A Tale of 2 Wives: King Yuri of Goguryo's Dilemma.

In the year 17 BC, King Yuri of Goguryo had a problem. His two wives Hwahi and Chihi were not getting along prompting one of them to go back to her hometown in China. Feeling understandably torn King Yuri wrote a poem which became what is considered to be the earliest example of the Korean poetic tradition. Many parts of the poem are in Chinese and I'm currently just starting level 1 of chinese so I was lucky to find the poem translated into Korean from which I translated it into the English presented to you here :
the (bracketed) parts are the phonetic pronunciations for the Chinese. Some say the poem is titled Yellow bird's song. On close inspection it appears the poem almost has two titles: Yellow elegy or Oriole's Song. Perhaps King Yuri was caught between two titles along with being caught between two women...

黃鳥歌(황조가)-琉璃王(유리왕) Yellow elegy --King Yuri
꾀꼬리의 노래-琉璃王(유리왕) orioles song -- King Yuri
翩翩黃鳥(편편황조) : 펄펄 나니는 저 꾀꼬리 fluttering flying, that oriole.
雌雄相依(자웅상의) : 암수 서로 정답구나. Female and male birds look lovely together
念我之獨(염아지독) : 나의 외로움을 생각하니 I think on my loneliness
誰其與歸(수기여귀) : 그 누구와 함께 돌아가리.  With whom would I go back to?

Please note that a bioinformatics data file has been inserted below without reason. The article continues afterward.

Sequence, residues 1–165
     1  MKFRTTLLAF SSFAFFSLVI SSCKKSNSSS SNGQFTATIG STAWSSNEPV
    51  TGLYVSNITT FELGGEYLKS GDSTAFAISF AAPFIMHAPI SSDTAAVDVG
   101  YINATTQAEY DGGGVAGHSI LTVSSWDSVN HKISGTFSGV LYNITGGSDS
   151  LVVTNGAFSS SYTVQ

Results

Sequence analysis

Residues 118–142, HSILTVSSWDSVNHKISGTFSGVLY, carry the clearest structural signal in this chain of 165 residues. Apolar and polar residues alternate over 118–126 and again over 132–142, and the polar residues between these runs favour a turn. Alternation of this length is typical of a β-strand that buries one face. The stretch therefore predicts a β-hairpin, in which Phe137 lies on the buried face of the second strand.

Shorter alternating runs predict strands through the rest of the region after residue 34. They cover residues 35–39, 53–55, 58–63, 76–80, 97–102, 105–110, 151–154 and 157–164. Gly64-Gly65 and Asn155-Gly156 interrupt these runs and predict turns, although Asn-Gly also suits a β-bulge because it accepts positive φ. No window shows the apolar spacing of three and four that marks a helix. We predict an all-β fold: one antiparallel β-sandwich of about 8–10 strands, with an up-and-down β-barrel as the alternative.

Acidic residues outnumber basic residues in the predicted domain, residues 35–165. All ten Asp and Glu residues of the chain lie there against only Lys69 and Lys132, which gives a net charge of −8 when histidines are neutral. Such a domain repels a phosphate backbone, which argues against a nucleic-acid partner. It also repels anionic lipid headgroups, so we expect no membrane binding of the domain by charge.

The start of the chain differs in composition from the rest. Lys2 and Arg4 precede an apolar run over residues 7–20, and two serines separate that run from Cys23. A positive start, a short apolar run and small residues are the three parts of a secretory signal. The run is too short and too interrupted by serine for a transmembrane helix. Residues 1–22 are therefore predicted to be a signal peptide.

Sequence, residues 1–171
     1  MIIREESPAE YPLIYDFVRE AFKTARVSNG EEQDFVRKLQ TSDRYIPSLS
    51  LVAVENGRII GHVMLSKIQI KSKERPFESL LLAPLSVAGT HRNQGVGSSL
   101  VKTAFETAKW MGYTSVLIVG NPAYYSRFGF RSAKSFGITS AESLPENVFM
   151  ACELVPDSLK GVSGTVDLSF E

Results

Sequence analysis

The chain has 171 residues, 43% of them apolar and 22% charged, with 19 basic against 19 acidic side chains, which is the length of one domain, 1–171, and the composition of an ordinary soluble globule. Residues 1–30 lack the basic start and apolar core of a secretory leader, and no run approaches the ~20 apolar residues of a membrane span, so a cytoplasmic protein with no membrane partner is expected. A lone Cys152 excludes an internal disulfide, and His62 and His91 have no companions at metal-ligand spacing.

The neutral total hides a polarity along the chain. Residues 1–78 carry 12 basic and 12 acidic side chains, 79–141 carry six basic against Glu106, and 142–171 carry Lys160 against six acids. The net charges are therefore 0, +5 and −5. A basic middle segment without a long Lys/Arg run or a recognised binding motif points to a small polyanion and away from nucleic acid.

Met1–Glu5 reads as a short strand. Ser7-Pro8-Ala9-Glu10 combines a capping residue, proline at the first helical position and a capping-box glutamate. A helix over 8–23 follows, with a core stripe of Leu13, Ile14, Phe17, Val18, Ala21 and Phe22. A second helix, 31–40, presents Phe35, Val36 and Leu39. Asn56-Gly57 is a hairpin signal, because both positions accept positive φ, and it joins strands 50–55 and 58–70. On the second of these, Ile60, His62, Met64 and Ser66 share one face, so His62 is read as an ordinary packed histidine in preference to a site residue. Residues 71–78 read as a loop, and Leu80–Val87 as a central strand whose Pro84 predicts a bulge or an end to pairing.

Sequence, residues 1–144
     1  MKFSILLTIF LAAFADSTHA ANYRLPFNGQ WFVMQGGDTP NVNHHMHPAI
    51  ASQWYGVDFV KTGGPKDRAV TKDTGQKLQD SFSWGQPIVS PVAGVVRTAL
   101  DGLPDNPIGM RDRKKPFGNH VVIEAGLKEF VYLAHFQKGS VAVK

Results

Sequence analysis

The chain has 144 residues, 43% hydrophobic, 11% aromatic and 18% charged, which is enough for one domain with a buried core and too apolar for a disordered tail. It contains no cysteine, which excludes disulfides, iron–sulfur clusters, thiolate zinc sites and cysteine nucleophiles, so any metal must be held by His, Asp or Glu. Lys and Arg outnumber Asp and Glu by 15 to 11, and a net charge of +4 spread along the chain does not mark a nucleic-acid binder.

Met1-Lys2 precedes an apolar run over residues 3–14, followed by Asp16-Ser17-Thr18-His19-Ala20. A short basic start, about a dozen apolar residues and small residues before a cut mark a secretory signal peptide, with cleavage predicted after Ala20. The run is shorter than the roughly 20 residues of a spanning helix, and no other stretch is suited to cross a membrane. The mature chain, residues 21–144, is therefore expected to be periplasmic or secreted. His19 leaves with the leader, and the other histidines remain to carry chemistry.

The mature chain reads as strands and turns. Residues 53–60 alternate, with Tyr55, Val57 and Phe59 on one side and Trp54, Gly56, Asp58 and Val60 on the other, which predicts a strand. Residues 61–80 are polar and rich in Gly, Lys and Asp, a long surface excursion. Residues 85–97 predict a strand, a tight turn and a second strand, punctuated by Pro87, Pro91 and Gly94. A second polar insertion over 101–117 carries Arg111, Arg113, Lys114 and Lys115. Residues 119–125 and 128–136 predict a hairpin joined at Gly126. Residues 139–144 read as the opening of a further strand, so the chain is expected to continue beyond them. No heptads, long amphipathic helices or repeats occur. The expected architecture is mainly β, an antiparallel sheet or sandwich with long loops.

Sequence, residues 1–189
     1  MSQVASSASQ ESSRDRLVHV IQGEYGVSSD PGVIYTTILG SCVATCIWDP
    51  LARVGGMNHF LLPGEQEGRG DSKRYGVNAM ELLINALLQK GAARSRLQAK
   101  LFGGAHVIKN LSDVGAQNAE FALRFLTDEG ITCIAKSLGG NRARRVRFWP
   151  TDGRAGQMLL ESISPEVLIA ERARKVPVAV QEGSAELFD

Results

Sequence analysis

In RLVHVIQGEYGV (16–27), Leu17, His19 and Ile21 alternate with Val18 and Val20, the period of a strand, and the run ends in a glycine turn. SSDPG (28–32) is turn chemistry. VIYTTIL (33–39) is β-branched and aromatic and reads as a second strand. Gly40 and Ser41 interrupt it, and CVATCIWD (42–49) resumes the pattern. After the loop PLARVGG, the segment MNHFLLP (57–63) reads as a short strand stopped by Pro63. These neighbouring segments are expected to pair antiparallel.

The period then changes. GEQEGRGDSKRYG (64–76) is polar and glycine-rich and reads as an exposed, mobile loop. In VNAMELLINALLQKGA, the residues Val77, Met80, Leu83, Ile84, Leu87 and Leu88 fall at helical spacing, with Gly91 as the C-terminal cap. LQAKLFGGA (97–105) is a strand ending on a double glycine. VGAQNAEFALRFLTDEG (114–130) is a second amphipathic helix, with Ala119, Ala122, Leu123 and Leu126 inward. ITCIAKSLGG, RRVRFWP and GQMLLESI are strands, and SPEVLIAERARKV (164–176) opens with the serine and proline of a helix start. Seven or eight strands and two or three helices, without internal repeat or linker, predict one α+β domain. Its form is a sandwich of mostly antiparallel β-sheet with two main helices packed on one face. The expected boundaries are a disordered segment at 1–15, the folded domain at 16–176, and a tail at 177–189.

Hence, King Yuri of Goguryo's dilemma. For those just learning Korean it's fun to sound out the bracketed parts to form the sounds of the original Chinese character poem. A fine first step to eventually reading Korean. Poems are also very rewarding practice. A few words with a dictionary and presto! You have a translation. --MWT.

About the Author

Matthew William Thivierge has abandoned his PhD studies in Shakespeare and is now currently almost half-way through becoming a tea-master (Japanese,Korean & Chinese tea ceremony). He is a part time Ninjologist with some Jagaek studies (Korean 'ninja') and on occasion views the carrying on of pirates from his balcony mounted telescope.

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